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Represent and Destroy

Represent and Destroy: Rationalizing Violence in the New Racial Capitalism

Jodi Melamed
Copyright Date: 2011
Edition: NED - New edition
Pages: 304
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  • Book Info
    Represent and Destroy
    Book Description:

    In the global convulsions in the aftermath of World War II, one dominant world racial order broke apart and a new one emerged. In Represent and Destroy, Jodi Melamed portrays the postwar racial break as a transition from white supremacist modernity to a formally antiracist liberal capitalist modernity in which racial violence works normatively by policing representations of difference.

    eISBN: 978-0-8166-7862-4
    Subjects: Sociology

Table of Contents

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  1. Front Matter
    (pp. i-vii)
  2. Table of Contents
    (pp. viii-viii)
  3. Preface
    (pp. ix-xxv)
  4. INTRODUCTION: Producing Discourses of Certainty with Official Antiracisms
    (pp. 1-50)

    Represent and Destroypresents a new theory of U.S. racial formation and of world-embracing racial systems after World War II, as well as a new historical-materialist understanding of U.S. literary studies as a critical site of geopolitical struggle around the meaning and significance of race. It argues that as white supremacy gradually became residual after World War II, it was replaced by a formally antiracist, liberal-capitalist modernity whose driving force has been a series of successive official or state-recognized U.S. antiracisms: racial liberalism (1940s to 1960s), liberal multiculturalism (1980s to 1990s), and neoliberal multiculturalism (2000s). These antiracisms have functioned as...

  5. 1 Killing Sympathies: Racial Liberalism and Race Novels
    (pp. 51-90)

    Shortly before beginningThe End of a Primitive(1955), Chester Himes delivered a speech at the University of Chicago identifying “the dilemma of the Negro novelist” to “lie not so much in what he must reveal, but in the reactions of his audience . . . [the] limitations which so often confine men to habit.”¹ Reversing the expectations of his astonished listeners, Himes clarified that the audience he had in mind was not prejudiced white Americans but white racial liberals themselves, his immediate audience at the University of Chicago, whose departments of sociology and anthropology were key sites of racial-liberal...

  6. 2 Counterinsurgent Canon Wars and Surviving Liberal Multiculturalism
    (pp. 91-136)

    In a series of articles written between 1989 and 1997, Hazel Carby raised the disquieting suspicion that something had gone terribly wrong during the canon wars.¹ In fact, something was wrong with the conventional wisdom that the proclaimed victory of multiculturalism over Eurocentrism, presumably indexed by the widespread adoption of multicultural curricula, represented an expansion of earlier civil rights struggles for racial justice. Carby noted the cold facts: the rising prestige of multiculturalism in education and national culture coincided with conditions that for Carby and others constituted a new U.S. apartheid.² These conditions included hypersegregation, the abandonment of African American...

  7. 3 Making Global Citizens: Neoliberal Multiculturalism and Literary Value
    (pp. 137-178)

    The 2002National Security Strategy of the United States of Americawill not go down in history as a great document of U.S. antiracism, yet it may be read for insight into a late development of liberal formations of official or state antiracism. Significantly, it deployed a new kind of multicultural formalism to make U.S. leadership for global capitalism (the Bush administration’s so-called Economic Freedom Agenda) appear just. First, the document rhetorically portrayed a sanitized version of U.S. racial history as grounds for believing in the virtues of capitalist wealth expansion, coded as prosperity: “America’s experience as a great multi-ethnic...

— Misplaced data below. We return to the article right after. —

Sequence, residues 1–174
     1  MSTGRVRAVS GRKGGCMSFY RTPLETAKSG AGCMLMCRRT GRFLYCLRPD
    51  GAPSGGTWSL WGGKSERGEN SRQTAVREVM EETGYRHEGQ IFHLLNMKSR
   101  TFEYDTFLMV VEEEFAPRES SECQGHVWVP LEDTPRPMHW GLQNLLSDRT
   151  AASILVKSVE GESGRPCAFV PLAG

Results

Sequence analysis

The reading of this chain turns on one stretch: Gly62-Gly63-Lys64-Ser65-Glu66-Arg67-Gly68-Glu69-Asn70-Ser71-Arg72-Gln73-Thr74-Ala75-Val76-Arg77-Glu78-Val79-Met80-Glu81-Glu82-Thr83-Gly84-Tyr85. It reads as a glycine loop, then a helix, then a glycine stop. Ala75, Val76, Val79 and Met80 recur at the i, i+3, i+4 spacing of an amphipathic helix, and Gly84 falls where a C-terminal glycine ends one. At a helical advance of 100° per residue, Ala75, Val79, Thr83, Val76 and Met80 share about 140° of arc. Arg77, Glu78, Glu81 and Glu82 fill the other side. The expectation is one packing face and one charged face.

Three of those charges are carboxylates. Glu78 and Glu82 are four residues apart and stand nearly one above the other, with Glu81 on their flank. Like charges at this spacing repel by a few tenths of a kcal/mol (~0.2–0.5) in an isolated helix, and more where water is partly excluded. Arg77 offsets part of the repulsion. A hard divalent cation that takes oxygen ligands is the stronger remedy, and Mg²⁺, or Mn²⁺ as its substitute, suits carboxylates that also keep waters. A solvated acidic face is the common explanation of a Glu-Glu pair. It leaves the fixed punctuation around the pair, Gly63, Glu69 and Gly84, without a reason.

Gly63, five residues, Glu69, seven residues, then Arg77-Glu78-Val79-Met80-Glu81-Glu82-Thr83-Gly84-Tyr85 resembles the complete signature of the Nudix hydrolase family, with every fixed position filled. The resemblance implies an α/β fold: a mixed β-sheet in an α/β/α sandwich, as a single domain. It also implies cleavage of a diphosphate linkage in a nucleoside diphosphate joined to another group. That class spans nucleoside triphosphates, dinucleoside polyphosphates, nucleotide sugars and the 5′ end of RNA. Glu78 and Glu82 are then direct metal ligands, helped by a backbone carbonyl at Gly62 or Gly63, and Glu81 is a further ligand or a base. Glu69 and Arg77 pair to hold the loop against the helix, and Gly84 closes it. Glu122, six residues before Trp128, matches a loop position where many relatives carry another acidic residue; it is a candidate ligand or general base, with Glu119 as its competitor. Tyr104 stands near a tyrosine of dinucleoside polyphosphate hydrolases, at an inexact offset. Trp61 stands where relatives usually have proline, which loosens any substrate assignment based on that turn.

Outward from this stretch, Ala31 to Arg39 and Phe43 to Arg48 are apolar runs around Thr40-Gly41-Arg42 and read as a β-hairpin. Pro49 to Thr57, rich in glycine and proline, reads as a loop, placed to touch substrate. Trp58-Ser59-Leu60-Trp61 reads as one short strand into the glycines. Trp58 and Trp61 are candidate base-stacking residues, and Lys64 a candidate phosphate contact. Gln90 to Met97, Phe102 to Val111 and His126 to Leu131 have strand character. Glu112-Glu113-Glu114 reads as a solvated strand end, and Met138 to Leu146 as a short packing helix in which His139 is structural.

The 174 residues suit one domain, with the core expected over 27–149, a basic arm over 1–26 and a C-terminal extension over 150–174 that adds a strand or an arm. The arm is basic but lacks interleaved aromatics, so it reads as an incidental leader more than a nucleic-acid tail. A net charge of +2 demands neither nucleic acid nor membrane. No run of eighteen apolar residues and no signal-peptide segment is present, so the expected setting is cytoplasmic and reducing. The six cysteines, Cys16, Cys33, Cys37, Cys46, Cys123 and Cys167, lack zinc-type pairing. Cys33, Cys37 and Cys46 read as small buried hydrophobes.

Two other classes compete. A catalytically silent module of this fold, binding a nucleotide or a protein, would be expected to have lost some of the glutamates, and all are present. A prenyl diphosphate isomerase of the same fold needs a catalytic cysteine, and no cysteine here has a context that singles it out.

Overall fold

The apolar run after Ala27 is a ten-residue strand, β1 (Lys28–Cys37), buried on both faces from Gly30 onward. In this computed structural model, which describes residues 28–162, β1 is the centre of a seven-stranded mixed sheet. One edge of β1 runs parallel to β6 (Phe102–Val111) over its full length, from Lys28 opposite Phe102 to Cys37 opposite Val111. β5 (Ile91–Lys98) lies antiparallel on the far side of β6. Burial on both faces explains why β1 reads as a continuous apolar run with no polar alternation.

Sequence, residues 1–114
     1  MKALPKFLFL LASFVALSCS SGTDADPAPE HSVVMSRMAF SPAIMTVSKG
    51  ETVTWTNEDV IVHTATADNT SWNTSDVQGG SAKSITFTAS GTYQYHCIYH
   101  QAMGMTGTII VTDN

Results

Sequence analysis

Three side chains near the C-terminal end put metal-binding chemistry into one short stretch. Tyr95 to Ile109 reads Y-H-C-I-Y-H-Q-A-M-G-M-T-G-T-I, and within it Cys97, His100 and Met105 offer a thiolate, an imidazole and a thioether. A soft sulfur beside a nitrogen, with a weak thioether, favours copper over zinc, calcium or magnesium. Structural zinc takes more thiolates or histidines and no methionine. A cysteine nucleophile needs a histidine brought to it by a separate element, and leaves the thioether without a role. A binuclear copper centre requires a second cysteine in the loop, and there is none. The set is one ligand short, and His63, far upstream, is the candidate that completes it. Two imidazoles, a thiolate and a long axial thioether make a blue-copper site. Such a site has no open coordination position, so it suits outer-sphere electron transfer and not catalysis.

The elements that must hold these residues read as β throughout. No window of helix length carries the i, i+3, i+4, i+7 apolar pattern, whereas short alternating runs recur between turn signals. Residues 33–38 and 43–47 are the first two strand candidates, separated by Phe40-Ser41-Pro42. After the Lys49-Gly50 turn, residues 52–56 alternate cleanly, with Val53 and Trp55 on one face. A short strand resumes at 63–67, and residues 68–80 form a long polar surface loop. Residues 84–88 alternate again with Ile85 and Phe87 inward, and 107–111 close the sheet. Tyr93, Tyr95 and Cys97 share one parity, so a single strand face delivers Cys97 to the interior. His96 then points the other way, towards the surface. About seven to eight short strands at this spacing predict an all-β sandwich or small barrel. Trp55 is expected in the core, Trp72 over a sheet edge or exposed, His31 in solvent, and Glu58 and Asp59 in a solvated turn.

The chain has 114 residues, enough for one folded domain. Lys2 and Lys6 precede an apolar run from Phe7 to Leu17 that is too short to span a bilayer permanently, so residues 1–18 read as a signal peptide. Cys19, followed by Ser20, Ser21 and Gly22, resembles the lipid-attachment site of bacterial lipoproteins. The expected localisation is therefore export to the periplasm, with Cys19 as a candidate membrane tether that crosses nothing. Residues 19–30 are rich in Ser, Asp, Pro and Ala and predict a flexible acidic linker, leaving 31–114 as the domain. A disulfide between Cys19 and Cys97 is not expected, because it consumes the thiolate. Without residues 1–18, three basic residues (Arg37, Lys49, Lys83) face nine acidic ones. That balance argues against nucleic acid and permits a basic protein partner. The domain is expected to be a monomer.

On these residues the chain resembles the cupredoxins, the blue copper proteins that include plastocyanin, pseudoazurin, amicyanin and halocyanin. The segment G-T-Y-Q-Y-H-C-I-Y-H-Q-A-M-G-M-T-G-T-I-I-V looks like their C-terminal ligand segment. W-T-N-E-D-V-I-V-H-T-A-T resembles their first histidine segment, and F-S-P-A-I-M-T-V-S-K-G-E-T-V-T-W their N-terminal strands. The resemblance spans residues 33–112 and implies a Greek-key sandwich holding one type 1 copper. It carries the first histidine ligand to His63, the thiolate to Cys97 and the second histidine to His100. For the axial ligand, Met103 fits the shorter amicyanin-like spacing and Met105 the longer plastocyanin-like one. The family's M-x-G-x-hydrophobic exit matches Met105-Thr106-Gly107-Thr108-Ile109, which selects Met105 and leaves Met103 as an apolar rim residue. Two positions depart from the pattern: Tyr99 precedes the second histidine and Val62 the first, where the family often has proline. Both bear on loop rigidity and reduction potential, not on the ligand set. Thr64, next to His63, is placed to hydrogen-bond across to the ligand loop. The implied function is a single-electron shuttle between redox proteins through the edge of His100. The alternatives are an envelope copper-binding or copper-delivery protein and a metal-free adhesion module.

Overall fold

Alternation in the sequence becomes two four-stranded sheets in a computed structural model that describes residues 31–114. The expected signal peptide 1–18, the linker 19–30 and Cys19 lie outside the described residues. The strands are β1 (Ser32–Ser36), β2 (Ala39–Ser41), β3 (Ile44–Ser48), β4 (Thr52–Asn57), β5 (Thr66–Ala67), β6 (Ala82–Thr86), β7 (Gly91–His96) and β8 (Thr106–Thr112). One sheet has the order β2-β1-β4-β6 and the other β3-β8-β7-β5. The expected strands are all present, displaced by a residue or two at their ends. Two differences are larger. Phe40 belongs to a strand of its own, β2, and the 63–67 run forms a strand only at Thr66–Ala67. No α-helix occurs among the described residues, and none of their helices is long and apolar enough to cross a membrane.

8. 4 Difference as Strategy in International Indigenous Peoples’ Movements
    (pp. 179-218)

    For contemporary international indigenous peoples’ movements, the termglobal resource warsstresses the point that violence is the inevitable product of a neoliberal global economy premised on never-ending resource extraction and, what David Harvey calls, “accumulation through dispossession” (i.e., the privatization and commodification of land, resources, goods and services, the financialization of everything through speculation, asset leveraging, and credit baiting, and the neoliberal management and manipulation of global crises).¹ In the words of Jerry Mander, the president of the International Forum on Globalization:

    Our economic system of globalization and the corporations, investors, and bureaucracies that are its driving forces literally...

  9. EPILOGUE: Rematerializing Antiracism
    (pp. 219-230)

    In studying race-liberal orders, my goal has been to illuminate the dematerializing properties of official antiracisms, when it comes to re-distributing life-sustaining materials and ending group-differentiated vulnerabilities to premature death, and the generative properties of official antiracisms, when it comes to postwar capitalist globalization.¹ In other words, the narrative is one of how dominant antiracisms have disconnected racial reference from material conditions, even as they have linked the overcoming of racism to U.S. leadership for global capitalism.

    The rationalizing and normalizing powers of antiracist knowledges have made this possible, and I’ve concentrated in particular on the usefulness of literary studies...

  10. Acknowledgments
    (pp. 231-234)
  11. Notes
    (pp. 235-248)
  12. Bibliography
    (pp. 249-260)
  13. Index
    (pp. 261-274)